The new energy law, coming into effect this month, is a step in the right direction in revitalizing the Greek economy. It will harmonize national energy policies with European Union-wide directives and bring Greece on a par with many of its European neighbors by encouraging greater private investment in the energy sector. But it also presents an opportunity to make an important strategic shift when it comes to the country?s energy geopolitics. In short, the time has come for Greece to be a dynamic player in the quest to bolster European energy security through the Southern Energy Corridor.
While it has been high on Europe?s energy and foreign policy agenda for a long time, the disastrous events at Japan?s Fukushima nuclear power plant this year have catapulted the Southern Energy Corridor to the top of the priority list. Without a European ?nuclear renaissance? on the cards, the need for alternative routes to alternative sources of natural gas in Europe?s neighborhood is all the more acute. This need is only compounded by increasing European skepticism about the environmental sustainability of intra-EU shale gas development.
Thus, the almost mythical Nabucco natural gas pipeline project is back on Brussels?s map. It would snake from Austria to eastern Turkey, connecting to other theoretical pipelines that would fill it with gas from Turkmenistan and Iraq. However, it would not pass through Greece, and is predicated on volumes of gas that are not necessarily available and have certainly not been promised to any European consumers.
Greek companies and the current and previous governments in Athens have been wise so far in cultivating a relationship with Azerbaijan, the one alternative gas producer that has promised 10 billion cubic meters a year will go to Europe. But, unfortunately, they have boxed themselves in when it comes to transit of that gas through and beyond Greek territory.
Beyond Nabucco, the two more realistic Southern Energy Corridor projects on the drawing board are TAP, the Trans-Adriatic Pipeline, and IGI, Interconnector Greece-Italy. On the face of it, these two look very similar, but upon closer inspection we find that although their capacities are comparable (TAP at 10 bcm and IGI at 8-10 bcm), TAP holds the option of expanding to 20 bcm should more gas become available. TAP would also pass through Albania, instead of going straight to Italy, potentially opening up markets in the Western Balkans and farther north.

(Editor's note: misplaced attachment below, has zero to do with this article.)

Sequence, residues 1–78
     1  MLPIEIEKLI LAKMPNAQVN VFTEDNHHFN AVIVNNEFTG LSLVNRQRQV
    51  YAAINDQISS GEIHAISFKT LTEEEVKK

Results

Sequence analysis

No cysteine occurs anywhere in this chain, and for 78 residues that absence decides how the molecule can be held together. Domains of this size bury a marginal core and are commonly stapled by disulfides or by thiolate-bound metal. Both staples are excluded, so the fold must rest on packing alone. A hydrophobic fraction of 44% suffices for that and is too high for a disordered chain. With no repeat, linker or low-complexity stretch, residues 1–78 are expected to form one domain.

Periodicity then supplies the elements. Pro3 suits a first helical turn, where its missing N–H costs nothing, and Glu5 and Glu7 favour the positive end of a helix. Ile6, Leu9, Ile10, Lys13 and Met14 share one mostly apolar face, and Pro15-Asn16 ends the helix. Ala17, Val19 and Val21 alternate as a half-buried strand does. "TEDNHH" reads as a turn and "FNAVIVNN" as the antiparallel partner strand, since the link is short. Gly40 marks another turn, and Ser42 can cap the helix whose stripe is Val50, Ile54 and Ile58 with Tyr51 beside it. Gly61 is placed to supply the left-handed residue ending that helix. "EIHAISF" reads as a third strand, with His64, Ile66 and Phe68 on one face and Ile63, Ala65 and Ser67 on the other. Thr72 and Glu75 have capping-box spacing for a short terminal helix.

Increasingly, the smart bet in the industry is that TAP will get the nod from the Shah Deniz consortium that controls the 10 bcm of gas in Azerbaijan. This is mainly because, unlike Nabucco and IGI, TAP would be project financed by its three strong shareholders (EGL, E.ON Ruhrgas and Statoil). It also doesn?t hurt that Norway?s Statoil also has a large share in the Shah Deniz consortium.
Greece?s hitherto national gas company DEPA, and its pipeline operator subsidiary DESFA, is a shareholder in IGI, however. This has hindered Athens?s ability to play one project against the other and ultimately end up supporting (and investing in) that which will be favored by the holders of the gas. But with the new energy law, this could all change. The partial privatization and unbundling of DEPA and DESFA should allow for new investors to seek out new opportunities, including hedging their bets against commitment to a pipeline that may never be built. The powers of the Regulatory Authority for Energy will also be strengthened, hopefully allowing for decisions to be based more on commercial rather than political considerations.
The pipeline politics surrounding the Southern Energy Corridor are still fluid, but the all-important holders of the gas are set to make their preference clear before the end of the year. The new energy law, rushed through Parliament, is fortuitous in that it can allow Greece the flexibility to end up with the right project. Here?s hoping that private investors will see the light where successive governments did not.
* Alexandros Petersen is adviser to the European Energy Security Initiative at the Woodrow Wilson International Center for Scholars in Washington DC.